Gardeners start eyeing their containers at about this time of year, wondering if they can reuse the potting soil that is in those pots and windowboxes. I wrestle with this each year too. The conventional wisdom I’ve heard (or thought I’d heard) was that the potting soil should be replaced each year. This is fine when all one has is a couple of small pots or maybe a windowbox or two. But what about when you start to get pretty serious in terms of container gardening? People are growing impressive vegetable gardens entirely in containers. The popular self-watering large (think Earthbox) containers hold about 40 quarts of container mix. Replacing that each year can really start to add up both in terms of money and in space needed for dumping the old stuff.
Perusing many of the online gardening discussion groups, I discovered LOTS of different opinions on this issue. Some people swear by just planting right into the old stuff without even mixing it up – just punching through that dried crust and planting (and then, I assume, watering the heck out of it until the material is damp again). More nervous gardeners get rid of every speck of old potting soil and then sanitize their containers with boiling water. Others sanitize the actual potting soil either with boiling water or by dragging it into the house to bake in their oven in batches (a rather smelly option). Yet another group dumps the old potting soil into the compost bin, figuring that way it actually will all be reused eventually. And finally, another suggestion is to mix the old stuff with some compost and slow release fertilizer and reuse that way.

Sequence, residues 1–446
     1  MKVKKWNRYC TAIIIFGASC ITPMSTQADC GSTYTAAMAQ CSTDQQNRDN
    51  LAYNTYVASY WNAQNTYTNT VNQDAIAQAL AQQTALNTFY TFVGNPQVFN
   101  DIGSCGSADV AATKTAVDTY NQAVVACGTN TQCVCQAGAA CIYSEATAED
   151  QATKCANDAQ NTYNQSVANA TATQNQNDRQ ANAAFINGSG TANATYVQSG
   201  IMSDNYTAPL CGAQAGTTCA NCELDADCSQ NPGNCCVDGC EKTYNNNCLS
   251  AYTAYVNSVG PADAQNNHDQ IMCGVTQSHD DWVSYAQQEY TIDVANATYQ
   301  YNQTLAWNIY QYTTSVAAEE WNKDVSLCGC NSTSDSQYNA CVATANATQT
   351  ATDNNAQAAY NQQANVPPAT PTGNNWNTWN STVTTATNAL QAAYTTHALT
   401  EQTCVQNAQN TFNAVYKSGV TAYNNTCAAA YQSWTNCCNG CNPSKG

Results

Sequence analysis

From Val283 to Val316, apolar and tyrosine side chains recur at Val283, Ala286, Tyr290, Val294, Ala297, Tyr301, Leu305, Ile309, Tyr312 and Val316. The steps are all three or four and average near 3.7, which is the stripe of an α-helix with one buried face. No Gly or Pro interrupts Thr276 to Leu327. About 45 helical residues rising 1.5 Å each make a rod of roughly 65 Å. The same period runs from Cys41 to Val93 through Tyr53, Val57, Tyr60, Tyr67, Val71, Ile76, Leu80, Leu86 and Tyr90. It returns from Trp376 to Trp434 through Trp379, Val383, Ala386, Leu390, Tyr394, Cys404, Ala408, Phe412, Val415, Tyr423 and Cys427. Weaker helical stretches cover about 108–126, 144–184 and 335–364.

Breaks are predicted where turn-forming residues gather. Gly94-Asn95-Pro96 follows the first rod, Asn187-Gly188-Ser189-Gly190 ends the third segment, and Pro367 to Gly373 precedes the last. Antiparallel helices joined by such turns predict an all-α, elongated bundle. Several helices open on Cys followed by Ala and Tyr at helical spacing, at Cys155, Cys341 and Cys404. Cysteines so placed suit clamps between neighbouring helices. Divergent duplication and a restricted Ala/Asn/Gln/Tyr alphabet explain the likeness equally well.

Next, I investigated what Cooperative Extension programs had to say about it. I was somewhat surprised to discover widely varying recommendations once again. Iowa State University Extension recommended what I thought was the conventional wisdom, to NEVER reuse to the potting soil. But the generic Extension web site (www.extension.org) offered a recommendation I’d not heard before, to dump the potting soil out of containers in the fall, stir it occasionally throughout the winter, and then reuse it the next season. (A caveat is that if any of the plants in the containers had disease or insect problems, then the soil should be sterilized before reusing it. The soil can be sterilized by solarization – spreading and covering the soil with clear plastic to bake in the sun for about two weeks.)
So…the good news is that (maybe) you can reuse your potting soil. Obviously there is no one clear answer on this issue. I’d say if you did have terrible results in the containers in question last year, toss out the old stuff and start with some new. Otherwise, if you’re open to experimentation in reusing the potting soil, you’ll have to choose your method to try this year. If you aren’t pleased with the results, you’ll need to try something else next year. I’m going to risk it with some experimentation this year. It’s obviously too late for me to do the “dump it out in the fall” option, but I can dump all the pots out, stir the mix, add a bit of compost, and refill the pots.
Contributed by Carey Harrington, Certified Colorado Gardener
Extension information mentioned in this article was found at the following sites: